My last move to another continent required something bigger so my “goodbye ritual” consisted of me symbolically walking across a bridge. One side of the bridge represented the past I was leaving behind, the other side the future I was walking into. The bridge was in the middle of a lonely nowhere, the night was pitch dark with hardly any moonshine and it was one of the coldest and windiest days of winter. It was a situation that—like the transformation I was going through—required some courage. Braving the elements made me feel proud of myself and more confident about my ability to handle the upcoming change.

3. I have learned that one of our most primal needs is the need to feel secure, a need that is acutely threatened by all the changes. However, being afraid does not mean that we are actually in danger. It just means that we have a primal brain that is—thankfully—intent on ensuring our survival. Unless our physical survival is in acute danger, we should not let our primal brain run our lives. That is why I find reality checks important, such as asking ourselves how likely it is that something bad could happen to us as a result of the change we are going through. Another important question is what we would prefer to happen and how we can work toward making that happen.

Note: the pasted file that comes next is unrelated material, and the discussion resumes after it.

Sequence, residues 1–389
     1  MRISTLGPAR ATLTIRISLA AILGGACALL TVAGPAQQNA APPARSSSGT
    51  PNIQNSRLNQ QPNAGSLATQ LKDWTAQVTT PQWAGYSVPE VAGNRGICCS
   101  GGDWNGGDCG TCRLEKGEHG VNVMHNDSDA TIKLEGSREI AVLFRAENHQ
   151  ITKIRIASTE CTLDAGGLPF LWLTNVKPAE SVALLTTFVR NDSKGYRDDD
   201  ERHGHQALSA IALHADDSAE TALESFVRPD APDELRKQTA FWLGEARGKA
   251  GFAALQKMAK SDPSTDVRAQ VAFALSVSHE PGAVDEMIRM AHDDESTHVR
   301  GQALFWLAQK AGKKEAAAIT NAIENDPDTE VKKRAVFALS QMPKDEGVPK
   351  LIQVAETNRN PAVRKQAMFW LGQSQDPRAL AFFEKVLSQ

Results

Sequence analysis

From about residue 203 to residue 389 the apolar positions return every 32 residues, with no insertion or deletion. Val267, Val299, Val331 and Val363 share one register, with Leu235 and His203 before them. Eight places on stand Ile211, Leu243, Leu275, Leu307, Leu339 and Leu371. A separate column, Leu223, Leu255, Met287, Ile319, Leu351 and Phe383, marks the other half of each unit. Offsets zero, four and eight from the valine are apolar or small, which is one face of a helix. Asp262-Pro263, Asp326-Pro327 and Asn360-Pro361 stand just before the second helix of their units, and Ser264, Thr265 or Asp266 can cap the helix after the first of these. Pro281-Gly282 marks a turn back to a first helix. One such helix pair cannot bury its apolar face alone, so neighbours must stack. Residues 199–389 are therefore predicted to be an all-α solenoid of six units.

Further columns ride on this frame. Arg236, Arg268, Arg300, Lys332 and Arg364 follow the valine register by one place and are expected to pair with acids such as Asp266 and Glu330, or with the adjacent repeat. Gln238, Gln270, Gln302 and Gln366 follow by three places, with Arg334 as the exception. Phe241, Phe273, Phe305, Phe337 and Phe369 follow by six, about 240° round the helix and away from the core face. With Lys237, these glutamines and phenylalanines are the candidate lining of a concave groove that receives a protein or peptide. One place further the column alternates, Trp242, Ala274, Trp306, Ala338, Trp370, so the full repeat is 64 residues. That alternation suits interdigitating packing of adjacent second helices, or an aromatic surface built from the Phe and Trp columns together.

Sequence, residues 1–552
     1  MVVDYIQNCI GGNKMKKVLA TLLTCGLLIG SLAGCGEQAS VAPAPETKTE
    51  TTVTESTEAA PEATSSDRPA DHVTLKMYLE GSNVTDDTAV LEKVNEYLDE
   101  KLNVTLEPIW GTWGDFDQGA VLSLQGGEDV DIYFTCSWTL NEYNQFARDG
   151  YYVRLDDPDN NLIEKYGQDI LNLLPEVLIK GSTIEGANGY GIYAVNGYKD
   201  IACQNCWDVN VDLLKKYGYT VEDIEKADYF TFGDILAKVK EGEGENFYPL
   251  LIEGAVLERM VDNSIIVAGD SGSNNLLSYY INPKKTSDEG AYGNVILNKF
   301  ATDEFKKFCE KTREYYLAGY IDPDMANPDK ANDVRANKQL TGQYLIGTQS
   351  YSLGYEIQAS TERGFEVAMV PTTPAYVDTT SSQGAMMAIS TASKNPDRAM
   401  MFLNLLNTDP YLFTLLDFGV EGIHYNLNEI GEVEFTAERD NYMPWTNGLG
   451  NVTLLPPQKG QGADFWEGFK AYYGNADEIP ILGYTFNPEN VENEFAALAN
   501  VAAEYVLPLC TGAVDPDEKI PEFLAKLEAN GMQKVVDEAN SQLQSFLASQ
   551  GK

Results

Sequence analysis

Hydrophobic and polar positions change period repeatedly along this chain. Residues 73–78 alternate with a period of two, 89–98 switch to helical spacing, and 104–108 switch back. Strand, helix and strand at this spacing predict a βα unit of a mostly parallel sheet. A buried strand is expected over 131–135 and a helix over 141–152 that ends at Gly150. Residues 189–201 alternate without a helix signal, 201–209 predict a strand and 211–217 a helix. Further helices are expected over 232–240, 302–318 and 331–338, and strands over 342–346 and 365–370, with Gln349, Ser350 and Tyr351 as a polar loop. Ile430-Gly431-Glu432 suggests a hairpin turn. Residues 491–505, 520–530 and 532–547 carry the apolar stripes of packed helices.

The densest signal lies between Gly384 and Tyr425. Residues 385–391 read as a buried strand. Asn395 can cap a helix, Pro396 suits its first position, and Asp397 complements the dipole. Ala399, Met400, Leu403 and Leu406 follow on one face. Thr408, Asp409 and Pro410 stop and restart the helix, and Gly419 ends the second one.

4. Since our need to feel secure is compromised by the changes we are undergoing, I think it is important to stick with some things that give us comfort and a sense of stability. These can be different for everyone. For me, some of these things are drinking green tea in the morning or watching my favorite series. If we wanted to change our comfort-given habits, we would ideally wait until the waters of transformation had gotten sufficiently calm before doing so. In big transformations, I think it is easier when we keep some things the same.

5. The people who can likely understand us best are those who have been through this process before or are still in it. At various times in my process, I have found it helpful to talk to others who are also on a path of transformation and could encourage me along the way.

Witnessing this process in myself and in others, I am amazed at how much we can change and still experience the developmental pressure of our soul’s truth to change some more. It is beautiful to see what becomes possible when we allow this impulse to guide us towards our soul’s home. Entirely new roads open up for us and we discover things we never knew about ourselves.

When we give into the impulse of our divine nature and do so wisely, our act of daring can open us up to unprecedented levels of trust. Instead of free-falling, a parachute suddenly opens, seemingly out of nowhere. Carried by the winds, we glide through open space where Earth treats us to a breath-taking display of her beauty.

We can trust our transformation.

As Hilde Domin put it: “I set my foot upon the air and it carried me.”


Author: Bere Blissenbach

Editor: Catherine Monkman

Photo: Josh Felise/Unsplash